There are many things to which an individual can become addicted; however, we tend to associate addiction with the most common forms of dependency, such as to alcohol and the numerous illicit drugs. As a disease, addiction can develop in anyone, but there are also ways to be particularly susceptible to the development of addiction to alcohol or drugs. This includes have a family history of substance abuse and other genetic or environmental factors, which can have identified in the majority of individuals who have begun to experiment with substance abuse. Regardless of how it occurs, the disease of addiction is debilitating as individuals lose their financial stability, independence, relationships, opportunities, and sometimes even their homes over the course of active addiction. In essence, life becomes a series of profound hardships for those who suffer from addiction.
As such, there is currently a variety of recovery tools available with ongoing research seeking more effective ways of helping individuals to overcome chemical and behavioral dependencies. The addiction treatment programs offer at alcohol and drug rehabs across the country are currently considered the most effective form of treatment as they offer individuals optimal chances of achieving long-term sobriety. However, there are many pieces to the recovery puzzle. A relatively recent and controversial service called rapid detox has been offered in a limited number of places and has been marketed as a quick fix for addiction. As such, the following will help individuals get a concise understanding of what rapid detox is, how it differs from traditional detoxification, and whether it’s a viable solution for beating the disease of addiction.
What Exactly is Rapid Detox?
Of the many illicit drugs to which individuals can become addicted, opioids are one of the most highly addictive and, therefore, represent one of the most difficult addictions to overcome. Rapid detox created to be a way for individuals to overcome the physical component of addiction, or physical dependency, in a condensed period of time. Since fear of withdrawal is one of the most common reasons why addicts often avoid or reject the recovery process, there is great value inherent in a detoxification process that would allow an individual to overcome physical dependency in a relatively short amount of time. In fact, many facilities that offer rapid detox promise that the procedure makes detoxing completely pain-free.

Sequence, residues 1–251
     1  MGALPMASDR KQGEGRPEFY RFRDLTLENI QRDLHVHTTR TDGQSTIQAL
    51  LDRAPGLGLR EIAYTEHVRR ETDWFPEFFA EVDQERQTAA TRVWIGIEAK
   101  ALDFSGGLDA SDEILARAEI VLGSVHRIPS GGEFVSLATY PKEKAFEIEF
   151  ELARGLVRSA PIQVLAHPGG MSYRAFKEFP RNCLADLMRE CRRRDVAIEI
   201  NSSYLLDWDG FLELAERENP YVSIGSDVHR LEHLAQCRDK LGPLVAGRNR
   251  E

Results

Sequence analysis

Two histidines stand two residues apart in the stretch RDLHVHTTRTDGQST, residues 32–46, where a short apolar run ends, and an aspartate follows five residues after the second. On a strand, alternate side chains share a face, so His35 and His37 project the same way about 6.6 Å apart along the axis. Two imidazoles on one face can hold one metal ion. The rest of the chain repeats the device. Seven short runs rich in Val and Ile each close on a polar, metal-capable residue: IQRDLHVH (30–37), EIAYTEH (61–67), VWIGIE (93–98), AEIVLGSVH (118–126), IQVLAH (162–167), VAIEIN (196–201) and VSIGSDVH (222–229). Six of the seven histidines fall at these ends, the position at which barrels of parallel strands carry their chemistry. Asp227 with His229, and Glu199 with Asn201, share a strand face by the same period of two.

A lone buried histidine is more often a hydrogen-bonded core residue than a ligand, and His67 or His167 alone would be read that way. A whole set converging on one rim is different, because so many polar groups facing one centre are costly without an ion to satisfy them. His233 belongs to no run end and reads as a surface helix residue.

A rapid detox program—sometimes referred to as ultra-rapid detox—is a medical procedure during which an individual is rendered unconscious using anesthesia and, once unconscious, given an opioid antagonist that precipitates severe withdrawal; however, since the individual is unconscious, he or she does not experience any of the discomfort that would normally be felt during detoxification. With the aid of the medications, the body is quickly cleansed of drugs and any other chemical toxins. By the time the individual takes about 12 hours later, he or she is no longer physically addicted and will not experiencing withdrawal symptoms. In essence, detoxification occurs over a period of hours while the individual remains unconscious, waking only once physical dependence has been purged and there are no withdrawal symptoms to cause discomfort.
How Does Rapid Detox Differ from a Traditional Medical Detox Program?
Rapid detox is often associated with the Waismann Institute, which is a facility where the technique was perfected and received a lot of press coverage. In fact, the above procedure is often described as the Waismann rapid detox or the Waismann method of rapid detox. Whatever the name of the procedure, rapid detox differs from traditional detox in a couple key ways. For one thing, traditional detox programs are often completed prior to an individual’s starting treatment in an inpatient or residential recovery program; this allows an addict to overcome dependency and withdrawal so that by the time the individual begins actual treatment, he or she can actually focus on things like counseling and skills-building.
Additionally, traditional detox programs take much longer than a rapid detox procedure. For cases of severe addiction, a medical detox program can last one to two weeks compared to about 12 hours of rapid detox. Another key difference is that a traditional, medical detox program—which offers continuous, 24-hour supervision and medical case to ensure safety and minimize discomfort—serves as a sometimes-mandatory precursor to actual addiction treatment whereas facilities that offer rapid detox don’t always require patients to seek or receive any sort of counseling or therapy for substance abuse and addiction, which is where the real recovery actually begins.
Some have questioned the safety of rapid detox with a number of deaths being attributed to the procedure. Moreover, studies have also suggested that rapid detox doesn’t actually offer any benefit and is just as difficult as a traditional detoxification. Considering the high cost of the procedure and the fact that, due to it still being considered experimental, it’s not covered by health insurance plans, rapid detox might be effective for some, but might not be a viable or realistic option for many others.
Find Freedom in Recovery with Recovery Hub
There are many recovery tools available for individuals who suffer from alcoholism and drug addiction. If you or someone you love has been in the throes of active chemical dependency and would benefit from learning more about treatment and rehabilitation, call Recovery Hub at 1-888-220-4352 for a free consultation and assessment. Let one of our recovery specialists help you begin the journey back to health, happiness, and sobriety today.